Don't Let Skiing Get in the Way of Your Après Ski

Flexpower Flexpower | December 10, 2021 | Lifestyle Sponsored Post Outdoor

How to get the most out of your ski day…and not pay for it the day after.

210512_FlexPower_Skiing_4475.jpg

There are two predominant clichés when it comes to skiing: The après ski enthusiast who rarely ventures beyond the cozy confines of the ski lodge because, well, actual skiing is an inconvenience to their social agenda. The other is the limping skier with the comically oversized cast on their leg and ever-growing list of ailments and injuries. Of course - as is usually the case - the reality falls somewhere in the middle.

With the right preparation and approach, you can enjoy a day on the mountain without impeding your ability to engage in off-slope merriment afterwards. We’re all about balance, after all. Feeling good while engaging in your favorite activity is great, but feeling good the day after (and the day after that) is the ultimate goal. Temporary wellness? Nope. We’re in it for the long haul.

210512_FlexPower_Skiing_5921.jpg

Before You Head Out
The perfect ski day should start before you even strap on your boots. You should always get in the habit of warming up before you engage in any kind of athletic activity – not that it has to be intense. We’ve found that a little warming lotion on the muscles does wonders to get your body going (especially in cold weather), but it can also be a few jumping jacks. Maybe a lap around the yard. It could even consist of a few yoga stretches. According to kinesiologist Chris Sutarno, “Technically, all of those approaches can be considered a warm up. They key is ensuring whatever approach you take achieves the goals of the warm up. Any sort of light, whole body movement that helps your blood circulate into the muscles can be effective.” After that, remember the other essential for any activity: Hydration. Drink lots of water, all day.

Even as your body warms up, you have to remember that you are still out in the elements, so layer with lots of light, loose water- and wind-resistant clothing. You want warmth and protection, but also the ability to adjust your layering to accommodate your body’s changing temperature. This will keep your joints loose and warm, and will help guard against tightening up or the infamous cold weather “shoulder hunch” that causes neck and back strain.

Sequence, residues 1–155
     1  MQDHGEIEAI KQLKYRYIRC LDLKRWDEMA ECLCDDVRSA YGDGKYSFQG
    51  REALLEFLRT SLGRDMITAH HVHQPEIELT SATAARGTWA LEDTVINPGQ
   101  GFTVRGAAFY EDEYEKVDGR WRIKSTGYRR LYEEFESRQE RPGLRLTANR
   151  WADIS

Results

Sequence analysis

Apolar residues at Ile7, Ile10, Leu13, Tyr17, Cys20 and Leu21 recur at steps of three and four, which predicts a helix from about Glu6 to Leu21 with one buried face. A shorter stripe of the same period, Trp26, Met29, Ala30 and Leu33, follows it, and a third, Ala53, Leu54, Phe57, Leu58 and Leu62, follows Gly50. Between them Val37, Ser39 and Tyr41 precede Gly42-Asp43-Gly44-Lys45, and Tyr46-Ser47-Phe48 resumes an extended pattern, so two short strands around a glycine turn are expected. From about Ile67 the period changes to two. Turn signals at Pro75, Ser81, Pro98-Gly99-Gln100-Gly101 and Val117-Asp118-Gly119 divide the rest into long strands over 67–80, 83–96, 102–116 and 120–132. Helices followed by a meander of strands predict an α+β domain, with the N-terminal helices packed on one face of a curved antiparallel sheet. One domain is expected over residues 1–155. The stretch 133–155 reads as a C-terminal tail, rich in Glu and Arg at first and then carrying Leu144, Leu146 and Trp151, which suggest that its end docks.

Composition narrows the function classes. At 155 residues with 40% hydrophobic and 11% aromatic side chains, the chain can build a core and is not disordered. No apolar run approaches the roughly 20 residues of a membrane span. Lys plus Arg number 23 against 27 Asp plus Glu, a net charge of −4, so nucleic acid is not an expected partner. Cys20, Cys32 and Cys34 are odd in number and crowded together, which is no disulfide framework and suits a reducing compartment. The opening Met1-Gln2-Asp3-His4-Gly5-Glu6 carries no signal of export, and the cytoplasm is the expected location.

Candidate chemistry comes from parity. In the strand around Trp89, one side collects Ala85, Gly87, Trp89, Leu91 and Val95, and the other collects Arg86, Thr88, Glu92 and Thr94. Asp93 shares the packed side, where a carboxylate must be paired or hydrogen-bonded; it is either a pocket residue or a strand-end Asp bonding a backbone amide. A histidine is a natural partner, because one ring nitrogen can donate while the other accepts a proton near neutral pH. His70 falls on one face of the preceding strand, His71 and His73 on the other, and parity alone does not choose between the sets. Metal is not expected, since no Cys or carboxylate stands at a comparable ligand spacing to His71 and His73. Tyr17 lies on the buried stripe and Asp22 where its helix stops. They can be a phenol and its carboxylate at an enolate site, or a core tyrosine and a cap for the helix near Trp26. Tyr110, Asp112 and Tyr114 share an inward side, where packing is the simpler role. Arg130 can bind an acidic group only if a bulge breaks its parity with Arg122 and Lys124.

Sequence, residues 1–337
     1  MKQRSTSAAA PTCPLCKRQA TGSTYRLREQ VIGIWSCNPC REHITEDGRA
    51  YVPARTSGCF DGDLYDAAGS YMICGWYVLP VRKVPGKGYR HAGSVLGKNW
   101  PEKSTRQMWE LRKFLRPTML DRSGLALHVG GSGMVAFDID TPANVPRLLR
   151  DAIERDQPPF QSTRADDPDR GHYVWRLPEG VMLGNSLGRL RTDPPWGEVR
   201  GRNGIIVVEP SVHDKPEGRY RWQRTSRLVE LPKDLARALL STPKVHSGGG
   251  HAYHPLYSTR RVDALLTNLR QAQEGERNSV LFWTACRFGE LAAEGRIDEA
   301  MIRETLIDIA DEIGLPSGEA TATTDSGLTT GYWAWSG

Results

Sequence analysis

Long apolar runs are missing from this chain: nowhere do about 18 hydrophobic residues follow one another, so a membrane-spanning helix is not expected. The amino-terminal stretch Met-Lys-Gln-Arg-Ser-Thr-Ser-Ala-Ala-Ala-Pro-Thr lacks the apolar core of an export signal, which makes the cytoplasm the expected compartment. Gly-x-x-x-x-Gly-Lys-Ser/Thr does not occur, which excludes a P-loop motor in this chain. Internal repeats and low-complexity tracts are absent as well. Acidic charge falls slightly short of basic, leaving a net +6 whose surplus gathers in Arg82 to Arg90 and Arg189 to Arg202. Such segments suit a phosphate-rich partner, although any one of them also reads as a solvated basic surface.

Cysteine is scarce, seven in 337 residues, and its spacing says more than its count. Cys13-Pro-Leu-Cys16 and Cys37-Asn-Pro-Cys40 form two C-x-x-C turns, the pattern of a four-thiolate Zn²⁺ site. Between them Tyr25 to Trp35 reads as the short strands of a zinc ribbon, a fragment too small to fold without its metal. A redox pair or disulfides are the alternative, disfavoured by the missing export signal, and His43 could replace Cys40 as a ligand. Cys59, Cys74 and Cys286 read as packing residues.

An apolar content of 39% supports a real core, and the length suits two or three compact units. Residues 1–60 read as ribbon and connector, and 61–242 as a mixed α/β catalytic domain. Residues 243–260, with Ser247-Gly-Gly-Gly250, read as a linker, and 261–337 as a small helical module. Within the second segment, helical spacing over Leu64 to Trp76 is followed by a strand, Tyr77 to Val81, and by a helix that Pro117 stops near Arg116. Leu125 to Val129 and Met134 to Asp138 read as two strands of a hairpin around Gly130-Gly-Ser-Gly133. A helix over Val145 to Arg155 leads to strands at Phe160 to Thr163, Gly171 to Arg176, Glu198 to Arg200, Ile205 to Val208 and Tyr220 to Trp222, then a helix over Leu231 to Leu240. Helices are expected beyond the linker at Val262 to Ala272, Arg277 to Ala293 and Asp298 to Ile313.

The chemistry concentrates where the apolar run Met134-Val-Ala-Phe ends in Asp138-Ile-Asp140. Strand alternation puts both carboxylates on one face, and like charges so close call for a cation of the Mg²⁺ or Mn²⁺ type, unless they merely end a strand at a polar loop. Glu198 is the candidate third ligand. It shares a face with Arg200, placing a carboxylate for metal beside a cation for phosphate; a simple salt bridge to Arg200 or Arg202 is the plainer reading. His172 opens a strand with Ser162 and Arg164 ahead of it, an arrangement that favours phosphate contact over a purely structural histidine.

And finally, you have to know when to call it a day. Did you know that most ski injuries occur after 3:30 PM? It’s true, and it’s a combination of two factors. One is environmental – as the day gets later, the wind gets colder, your body cools down and stiffens up, even the snow is packed harder than it was earlier in the day. So the conditions are ripe for increased injury risk. The other factor is mental. As Dr. Travis Maak explained to University of Utah Health, “Basically, it has to do with a muscle fatigue. We all want to get in as much as we can, the most bang for our buck. We bought that pass…you want to keep going and get the most out of it.” Knowing when to call it a day can help you be ready to get back at it tomorrow.

210512_FlexPower_Skiing_4420.jpg

When the Day is Done
A few runs down the slopes are a serious workout – in fact, skiing is almost a complete lower-body workout in and of itself. When you ski, you are using your core abdominal muscles (your stabilizers), your glutes and thighs to support leg movement, your quadriceps for extending and flexing your knees, hips and hamstrings, and your feet and ankle muscles for turning. When all of those muscles groups are engaged together, there is a good chance you’ll feel it the next day.

While we certainly recommend a little soothing Arnica for those particularly worked areas, it’s important to hydrate (again) and to allow yourself to – literally – put your feet up for a bit. Allow your legs and torso to relax slowly, so you can avoid unnecessary strain or fatigue. See? There’s a reason the cliché of putting your feet up next to a lodge fireplace is so prevalent – it’s actually a great way to cap off a day on the mountain.

Whether you’re an avid skier or an adventurous newcomer, it’s always recommended to listen to your body. Proper preparation and built-in recovery and relaxation time will be rewarded when you wake up ready to do it all over again.

Or you can just hang out in the lodge. It’s OK. You’ve earned it.



Photography by: